South Africa’s competitiveness consistent

[Image] Brand South Africa CEO Miller Matola said that the competitiveness report is an important factor in building a national brand.

[Image] (l to r) Josephilda Nhlapo-Hlope; Johan van der Heever; Petrus de Kock, and Raymond Parsons made up the panel of experts.
(Images: Ray Maota)

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Ray Maota

To coincide with the recent release of the World Economic Forum’s (WEF) Global Competitiveness Report for 2012/2013, Brand South Africa hosted a panel of experts for a discussion regarding the implications for the country.

South Africa’s strengths, weaknesses, competitive risks and opportunities within the Brics and Next11 international political economic environments were the topics at the Wits Club at the University of the Witwatersrand in Johannesburg on 28 September 2012.

The panel discussion included Brand South Africa’s research manager Dr Petrus de Kock; Josephilda Nhlapo-Hlope, senior expert on nation-building at the National Planning Commission; Prof Raymond Parsons, special policy advisor for Business Unity South Africa; and, Dr Johan van der Heever, senior deputy chief economist and deputy head of research at the Reserve Bank of South Africa.

Miller Matola, CEO of Brand South Africa, started the proceedings with some background on the work Brand South Africa does and how the WEF report is a factor in establishing a worldwide reputable brand for the country.

Matola said: “We are the custodians of the country’s brand and the issue of reputation is important for South Africa’s competitiveness. The competitiveness report shows us how the country is doing as a brand.”

South Africa’s competitiveness consistent

The latest WEF Global Competitiveness Report was released on 5 September 2012 and South Africa is ranked at number 52 out of 144 nations.

It is also the highest-ranked African country and third-placed among the Brics economies. In this bloc China came in first at 36 and Brazil second at 48, while India and Russia came fourth and fifth at 59 and 67 respectively.

In terms of Next11 countries, South Africa is only surpassed by Indonesia, Turkey and South Korea.

De Kock said: “We view the report as a learning curve and not as a school report card that says pass or fail.

“We can only sell the story of South Africa if we know what the world thinks about us.”

South Africa’s ranking on the WEF report has been consistent, coming in at 54 in 2010, 50 in 2011 and 52 for this year.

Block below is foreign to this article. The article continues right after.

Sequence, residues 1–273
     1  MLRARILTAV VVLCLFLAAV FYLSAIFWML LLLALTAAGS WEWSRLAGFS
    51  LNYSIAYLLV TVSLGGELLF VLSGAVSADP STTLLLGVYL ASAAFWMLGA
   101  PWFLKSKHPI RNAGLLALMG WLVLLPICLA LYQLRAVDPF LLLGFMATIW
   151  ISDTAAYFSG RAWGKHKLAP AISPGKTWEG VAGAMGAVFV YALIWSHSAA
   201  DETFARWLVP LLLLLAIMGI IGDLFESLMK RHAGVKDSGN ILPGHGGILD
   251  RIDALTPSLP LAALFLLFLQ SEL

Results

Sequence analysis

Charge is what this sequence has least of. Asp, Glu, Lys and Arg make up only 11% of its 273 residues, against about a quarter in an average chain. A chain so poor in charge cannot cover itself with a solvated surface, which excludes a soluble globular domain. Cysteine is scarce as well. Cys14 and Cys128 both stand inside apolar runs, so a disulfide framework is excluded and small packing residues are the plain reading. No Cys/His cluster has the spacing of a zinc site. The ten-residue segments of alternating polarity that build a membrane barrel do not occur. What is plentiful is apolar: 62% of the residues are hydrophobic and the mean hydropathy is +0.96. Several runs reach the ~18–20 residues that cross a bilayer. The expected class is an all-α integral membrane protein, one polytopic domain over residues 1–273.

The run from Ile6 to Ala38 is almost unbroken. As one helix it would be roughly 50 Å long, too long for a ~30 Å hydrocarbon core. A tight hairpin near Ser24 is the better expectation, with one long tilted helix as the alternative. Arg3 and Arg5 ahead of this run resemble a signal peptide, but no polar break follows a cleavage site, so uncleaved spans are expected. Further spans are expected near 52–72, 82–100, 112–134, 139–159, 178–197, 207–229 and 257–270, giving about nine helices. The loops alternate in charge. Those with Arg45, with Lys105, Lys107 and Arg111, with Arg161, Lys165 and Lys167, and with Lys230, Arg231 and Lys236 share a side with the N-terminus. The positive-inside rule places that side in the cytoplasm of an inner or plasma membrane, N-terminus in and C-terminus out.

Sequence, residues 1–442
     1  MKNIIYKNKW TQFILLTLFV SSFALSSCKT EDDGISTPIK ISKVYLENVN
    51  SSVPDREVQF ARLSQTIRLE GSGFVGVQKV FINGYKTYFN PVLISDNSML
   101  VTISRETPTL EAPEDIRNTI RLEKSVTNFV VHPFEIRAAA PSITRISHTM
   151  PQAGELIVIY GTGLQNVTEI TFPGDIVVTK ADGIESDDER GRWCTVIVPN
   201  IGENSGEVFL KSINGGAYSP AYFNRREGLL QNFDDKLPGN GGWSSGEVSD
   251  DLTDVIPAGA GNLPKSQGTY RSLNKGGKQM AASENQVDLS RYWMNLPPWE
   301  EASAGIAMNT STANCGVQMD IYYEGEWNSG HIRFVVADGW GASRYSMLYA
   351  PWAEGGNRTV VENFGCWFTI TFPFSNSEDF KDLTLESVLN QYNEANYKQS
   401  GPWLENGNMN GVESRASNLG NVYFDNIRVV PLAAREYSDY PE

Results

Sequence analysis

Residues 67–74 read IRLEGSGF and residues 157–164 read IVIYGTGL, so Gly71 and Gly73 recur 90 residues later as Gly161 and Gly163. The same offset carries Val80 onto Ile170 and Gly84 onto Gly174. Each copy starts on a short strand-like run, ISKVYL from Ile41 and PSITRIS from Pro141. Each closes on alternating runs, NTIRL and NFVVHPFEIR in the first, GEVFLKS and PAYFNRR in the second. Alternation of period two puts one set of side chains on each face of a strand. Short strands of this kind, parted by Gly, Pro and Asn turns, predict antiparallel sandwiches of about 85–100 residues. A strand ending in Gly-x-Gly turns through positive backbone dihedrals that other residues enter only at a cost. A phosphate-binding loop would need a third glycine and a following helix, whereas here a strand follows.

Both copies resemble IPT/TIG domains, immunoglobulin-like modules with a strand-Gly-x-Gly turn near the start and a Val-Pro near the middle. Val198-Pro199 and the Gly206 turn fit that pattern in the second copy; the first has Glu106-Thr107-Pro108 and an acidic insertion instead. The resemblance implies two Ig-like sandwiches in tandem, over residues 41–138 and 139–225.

The Global Competitiveness Report uses 12 pillars, which are “building blocks to finding out the country’s competitiveness,” said de Kock.

They are: institutions; infrastructure; macro-economic environment; health and primary education; higher education and training; goods market efficiency; labour market efficiency; and, technological readiness.

De Kock said: “When we look at the pillars we can see where we are excelling and where we have to improve.

We are doing relatively well when it comes to institutions as we were 47 in 2010 and this year we are 43, but health and primary education are challenges – in 2010 we ranked 124 but this year out of 144 countries we are ranked 132.”

Expert panel discussion

Van der Heever said that South Africa has degrees of freedom in macro-economic policies that are the envy of many countries, but we must use them wisely.

“The issue of electricity is one point that must be tackled if we are going to be competitive,” he said.

Parsons said that these types of surveys are important, because they act as “reality checks. This particular report is a wakeup call because if you look back six years we have deteriorated quite a bit.”

He also said that the country was not exploiting its strengths to their full potential – “but there is no universal law. Countries have to adapt certain points to fit with what is happening in the world economy.”

In terms of South Africa’s national development plan, which looks forward to 2030, Parsons said that competitiveness should play a major role in guiding South Africa in years to come.

“We need to have a long term vision, just like China sowed its seeds 30 years ago and we too need to rally behind the Vision 2030,” said Parsons.

Nhlapo-Hlope remarked on the low levels of trust levels in South Africa, explaining that this was because of inequality. This issue had to be addressed in all spheres so people can all work collectively for the good of the country.

Another issue raised was that of South Africa’s regulatory environment which, according to Van der Heever, was not conducive for entrepreneurs to start businesses, especially small businesses.

“Of course we need regulation but there is no reason for that regulation to not be business friendly. We need smart tape and not red tape,” he said.

Van der Heever also said that there was an over-cautious nature in South Africa that limited innovation.

Parsons wrapped up the discussion, saying that we need to take workable ideas and translate them into action, while also pushing Vision 2030.